Exception: Emergency power is not required in facilities where provisions for remote locking and unlocking of occupied rooms in Occupancy Condition 4 are not required as set forth in the International Building Code.
A standby power system shall be provided in airport traffic control towers more than 65 feet (19 812 mm) in height. Power shall be provided to the following equipment:
- Pressurization equipment, mechanical equipment and lighting.
- Elevator operating equipment.
- Fire alarm and smoke detection systems.
Emergency power systems, including all appurtenant components shall be inspected and tested under load in accordance with NFPA 110 and NFPA 111.
Exception: Where the emergency power system is used for standby power or peak load shaving, such use shall be recorded and shall be allowed to be substituted for scheduled testing of the generator set, provided that appropriate records are maintained.
A working space of not less than 30 inches (762 mm) in width, 36 inches (914 mm) in depth and 78 inches (1981 mm) in height shall be provided in front of electrical service equipment. Where the electrical service equipment is wider than 30 inches (762 mm), the working space shall not be less than the width of the equipment. No storage of any materials shall be located within the designated working space.
- Where other dimensions are required or allowed by NFPA 70.
- Access openings into attics or under-floor areas which provide a minimum clear opening of 22 inches (559 mm) by 30 inches (762 mm).
Temporary wiring for electrical power and lighting installations is allowed for a period not to exceed 90 days. Temporary wiring methods shall meet the applicable provisions of NFPA 70.
Exception: Temporary wiring for electrical power and lighting installations is allowed during periods of construction, remodeling, repair or demolition of buildings, structures, equipment or similar activities.
Where not prohibited by other sections of this code, portable, electric space heaters shall be permitted to be used in all occupancies other than Group I-2 and in accordance with Sections 605.10.1 through 605.10.4.
Exception: The use of portable, electric space heaters in which the heating element cannot exceed a temperature of 212°F (100°C) shall be permitted in nonsleeping staff and employee areas in Group I-2 occupancies.
Exception: Detached, nonhabitable Group U structures including, but not limited to, parking shade structures, carports, solar trellises and similar structures shall not be subject to the requirements of this section.
- Residential structures shall be designed so that each photovoltaic array is no greater than 150 feet (45 720 mm) by 150 feet (45 720 mm) in either axis.
- Panels/modules shall be permitted to be located up to the roof ridge where an alternative ventilation method approved by the fire chief has been provided or where the fire chief has determined vertical ventilation techniques will not be employed.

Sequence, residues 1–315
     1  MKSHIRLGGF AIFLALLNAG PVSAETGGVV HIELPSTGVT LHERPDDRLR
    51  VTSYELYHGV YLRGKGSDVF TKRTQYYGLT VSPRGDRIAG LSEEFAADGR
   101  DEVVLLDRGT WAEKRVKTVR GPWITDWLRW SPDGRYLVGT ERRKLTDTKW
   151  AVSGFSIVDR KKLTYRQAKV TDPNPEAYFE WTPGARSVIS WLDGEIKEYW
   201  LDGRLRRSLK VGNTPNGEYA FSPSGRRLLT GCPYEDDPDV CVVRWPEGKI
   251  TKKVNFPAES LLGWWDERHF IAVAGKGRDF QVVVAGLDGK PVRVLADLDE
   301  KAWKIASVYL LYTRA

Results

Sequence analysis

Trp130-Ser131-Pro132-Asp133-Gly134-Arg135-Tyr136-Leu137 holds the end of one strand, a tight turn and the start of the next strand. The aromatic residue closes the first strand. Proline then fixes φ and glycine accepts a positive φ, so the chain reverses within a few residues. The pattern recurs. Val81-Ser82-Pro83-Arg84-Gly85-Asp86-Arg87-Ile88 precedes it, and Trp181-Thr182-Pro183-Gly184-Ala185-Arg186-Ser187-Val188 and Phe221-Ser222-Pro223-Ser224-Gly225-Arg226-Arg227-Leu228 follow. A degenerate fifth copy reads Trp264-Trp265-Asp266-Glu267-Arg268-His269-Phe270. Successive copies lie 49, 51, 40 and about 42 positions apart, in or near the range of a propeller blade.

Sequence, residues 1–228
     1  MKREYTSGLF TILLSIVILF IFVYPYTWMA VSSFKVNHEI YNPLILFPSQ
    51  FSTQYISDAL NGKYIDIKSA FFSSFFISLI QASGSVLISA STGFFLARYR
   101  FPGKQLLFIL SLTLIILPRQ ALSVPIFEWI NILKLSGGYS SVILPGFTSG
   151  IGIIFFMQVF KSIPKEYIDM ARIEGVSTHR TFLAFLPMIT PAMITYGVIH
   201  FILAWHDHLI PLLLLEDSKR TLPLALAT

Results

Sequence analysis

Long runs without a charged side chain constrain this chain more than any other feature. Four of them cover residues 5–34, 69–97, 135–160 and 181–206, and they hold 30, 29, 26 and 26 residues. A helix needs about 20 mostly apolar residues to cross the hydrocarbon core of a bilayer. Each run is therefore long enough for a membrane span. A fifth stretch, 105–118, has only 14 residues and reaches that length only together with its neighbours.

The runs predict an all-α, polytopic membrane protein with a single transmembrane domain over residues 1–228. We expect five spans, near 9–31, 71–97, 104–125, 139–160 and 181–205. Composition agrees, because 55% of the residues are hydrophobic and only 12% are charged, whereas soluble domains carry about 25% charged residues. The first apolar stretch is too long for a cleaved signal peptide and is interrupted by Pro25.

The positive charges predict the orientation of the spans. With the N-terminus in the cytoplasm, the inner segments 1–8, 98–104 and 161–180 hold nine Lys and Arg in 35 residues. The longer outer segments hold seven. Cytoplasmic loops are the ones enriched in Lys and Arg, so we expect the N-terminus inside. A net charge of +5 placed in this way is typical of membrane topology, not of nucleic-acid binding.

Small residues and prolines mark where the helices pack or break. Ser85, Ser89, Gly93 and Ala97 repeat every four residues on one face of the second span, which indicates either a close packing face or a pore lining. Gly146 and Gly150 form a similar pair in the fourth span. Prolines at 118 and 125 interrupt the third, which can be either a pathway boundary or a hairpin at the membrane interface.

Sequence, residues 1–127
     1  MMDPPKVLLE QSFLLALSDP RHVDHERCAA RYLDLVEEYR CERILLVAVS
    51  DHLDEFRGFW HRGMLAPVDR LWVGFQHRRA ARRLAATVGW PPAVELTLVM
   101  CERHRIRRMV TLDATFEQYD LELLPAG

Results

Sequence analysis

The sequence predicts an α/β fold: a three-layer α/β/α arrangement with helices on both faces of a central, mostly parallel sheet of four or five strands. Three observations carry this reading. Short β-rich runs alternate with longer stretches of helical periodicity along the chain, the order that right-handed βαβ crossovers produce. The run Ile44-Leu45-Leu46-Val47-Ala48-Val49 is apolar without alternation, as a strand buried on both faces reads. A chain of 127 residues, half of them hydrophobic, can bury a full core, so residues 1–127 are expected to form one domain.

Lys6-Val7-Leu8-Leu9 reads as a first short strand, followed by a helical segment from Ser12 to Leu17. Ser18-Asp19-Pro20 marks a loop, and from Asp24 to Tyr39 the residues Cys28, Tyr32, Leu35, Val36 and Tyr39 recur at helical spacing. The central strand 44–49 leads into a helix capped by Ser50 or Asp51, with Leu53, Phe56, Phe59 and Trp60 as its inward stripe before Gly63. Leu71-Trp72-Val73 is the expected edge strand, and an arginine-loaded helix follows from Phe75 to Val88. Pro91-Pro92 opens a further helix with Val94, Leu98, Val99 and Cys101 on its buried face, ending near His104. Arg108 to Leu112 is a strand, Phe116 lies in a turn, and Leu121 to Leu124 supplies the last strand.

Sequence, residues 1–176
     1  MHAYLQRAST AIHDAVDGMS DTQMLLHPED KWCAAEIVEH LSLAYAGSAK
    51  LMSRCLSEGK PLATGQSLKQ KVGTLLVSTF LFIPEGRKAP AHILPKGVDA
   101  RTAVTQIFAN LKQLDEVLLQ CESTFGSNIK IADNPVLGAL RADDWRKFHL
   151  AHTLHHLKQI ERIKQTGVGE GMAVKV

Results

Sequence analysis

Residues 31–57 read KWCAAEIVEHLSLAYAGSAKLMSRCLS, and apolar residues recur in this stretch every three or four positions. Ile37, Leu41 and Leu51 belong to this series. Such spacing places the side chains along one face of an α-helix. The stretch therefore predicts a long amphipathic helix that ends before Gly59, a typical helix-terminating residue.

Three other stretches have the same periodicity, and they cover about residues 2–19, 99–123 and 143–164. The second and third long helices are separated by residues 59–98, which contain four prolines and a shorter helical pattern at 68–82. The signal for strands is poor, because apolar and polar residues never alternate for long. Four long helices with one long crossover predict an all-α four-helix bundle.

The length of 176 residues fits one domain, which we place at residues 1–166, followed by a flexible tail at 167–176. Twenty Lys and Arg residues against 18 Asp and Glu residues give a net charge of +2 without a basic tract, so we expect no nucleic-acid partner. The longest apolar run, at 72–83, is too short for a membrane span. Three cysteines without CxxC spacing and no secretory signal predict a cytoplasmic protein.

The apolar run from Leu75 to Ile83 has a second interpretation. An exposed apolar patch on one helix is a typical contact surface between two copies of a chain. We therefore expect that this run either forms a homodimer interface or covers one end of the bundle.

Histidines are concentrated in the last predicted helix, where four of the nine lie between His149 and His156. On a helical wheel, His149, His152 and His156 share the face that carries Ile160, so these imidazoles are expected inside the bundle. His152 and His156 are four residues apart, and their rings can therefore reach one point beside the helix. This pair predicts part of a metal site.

Panels/modules installed on residential buildings with hip roof layouts shall be located in a manner that provides a 3-foot-wide (914 mm) clear access pathway from the eave to the ridge on each roof slope where panels/modules are located. The access pathway shall be located at a structurally strong location on the building capable of supporting the live load of fire fighters accessing the roof.
Exception: These requirements shall not apply to roofs with slopes of two units vertical in 12 units horizontal (2:12) or less.
Panels/modules installed on residential buildings with a single ridge shall be located in a manner that provides two, 3-foot-wide (914 mm) access pathways from the eave to the ridge on each roof slope where panels/modules are located.
Exception: This requirement shall not apply to roofs with slopes of two units vertical in 12 units horizontal (2:12) or less.
Panels/modules installed on residential buildings with roof hips and valleys shall be located no closer than 18 inches (457 mm) to a hip or a valley where panels/modules are to be placed on both sides of a hip or valley. Where panels are to be located on only one side of a hip or valley that is of equal length, the panels shall be permitted to be placed directly adjacent to the hip or valley.
Exception: These requirements shall not apply to roofs with slopes of two units vertical in 12 units horizontal (2:12) or less.
Exception: Where it is determined by the fire code official that the roof configuration is similar to that of a one- or two-family dwelling, the residential access and ventilation requirements in Sections 605.11.3.2.1 through 605.11.3.2.4 shall be permitted to be used.
There shall be a minimum 6-foot-wide (1829 mm) clear perimeter around the edges of the roof.